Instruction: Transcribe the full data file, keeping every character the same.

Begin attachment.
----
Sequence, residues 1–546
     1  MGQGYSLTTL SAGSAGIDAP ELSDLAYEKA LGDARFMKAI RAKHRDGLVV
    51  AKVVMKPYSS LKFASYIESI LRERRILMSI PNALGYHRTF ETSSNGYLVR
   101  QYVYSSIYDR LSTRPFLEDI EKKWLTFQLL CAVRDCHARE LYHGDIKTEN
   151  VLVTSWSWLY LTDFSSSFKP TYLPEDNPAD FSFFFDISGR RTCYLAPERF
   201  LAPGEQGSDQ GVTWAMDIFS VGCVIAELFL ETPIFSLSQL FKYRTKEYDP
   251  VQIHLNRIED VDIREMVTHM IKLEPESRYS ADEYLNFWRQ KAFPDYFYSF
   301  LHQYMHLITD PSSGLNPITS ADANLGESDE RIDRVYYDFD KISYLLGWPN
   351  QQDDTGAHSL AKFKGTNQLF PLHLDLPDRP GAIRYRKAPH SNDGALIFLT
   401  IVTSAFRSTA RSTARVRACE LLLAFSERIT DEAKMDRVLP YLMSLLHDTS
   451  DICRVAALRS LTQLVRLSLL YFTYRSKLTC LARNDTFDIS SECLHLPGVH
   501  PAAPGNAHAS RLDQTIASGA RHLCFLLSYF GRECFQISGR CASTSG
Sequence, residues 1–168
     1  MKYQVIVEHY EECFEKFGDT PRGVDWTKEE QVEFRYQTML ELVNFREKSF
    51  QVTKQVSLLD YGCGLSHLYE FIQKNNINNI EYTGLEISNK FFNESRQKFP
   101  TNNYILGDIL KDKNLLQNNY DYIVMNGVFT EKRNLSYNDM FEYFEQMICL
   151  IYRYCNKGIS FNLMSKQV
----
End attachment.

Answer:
Sequence, residues 1–546
     1  MGQGYSLTTL SAGSAGIDAP ELSDLAYEKA LGDARFMKAI RAKHRDGLVV
    51  AKVVMKPYSS LKFASYIESI LRERRILMSI PNALGYHRTF ETSSNGYLVR
   101  QYVYSSIYDR LSTRPFLEDI EKKWLTFQLL CAVRDCHARE LYHGDIKTEN
   151  VLVTSWSWLY LTDFSSSFKP TYLPEDNPAD FSFFFDISGR RTCYLAPERF
   201  LAPGEQGSDQ GVTWAMDIFS VGCVIAELFL ETPIFSLSQL FKYRTKEYDP
   251  VQIHLNRIED VDIREMVTHM IKLEPESRYS ADEYLNFWRQ KAFPDYFYSF
   301  LHQYMHLITD PSSGLNPITS ADANLGESDE RIDRVYYDFD KISYLLGWPN
   351  QQDDTGAHSL AKFKGTNQLF PLHLDLPDRP GAIRYRKAPH SNDGALIFLT
   401  IVTSAFRSTA RSTARVRACE LLLAFSERIT DEAKMDRVLP YLMSLLHDTS
   451  DICRVAALRS LTQLVRLSLL YFTYRSKLTC LARNDTFDIS SECLHLPGVH
   501  PAAPGNAHAS RLDQTIASGA RHLCFLLSYF GRECFQISGR CASTSG
Sequence, residues 1–168
     1  MKYQVIVEHY EECFEKFGDT PRGVDWTKEE QVEFRYQTML ELVNFREKSF
    51  QVTKQVSLLD YGCGLSHLYE FIQKNNINNI EYTGLEISNK FFNESRQKFP
   101  TNNYILGDIL KDKNLLQNNY DYIVMNGVFT EKRNLSYNDM FEYFEQMICL
   151  IYRYCNKGIS FNLMSKQV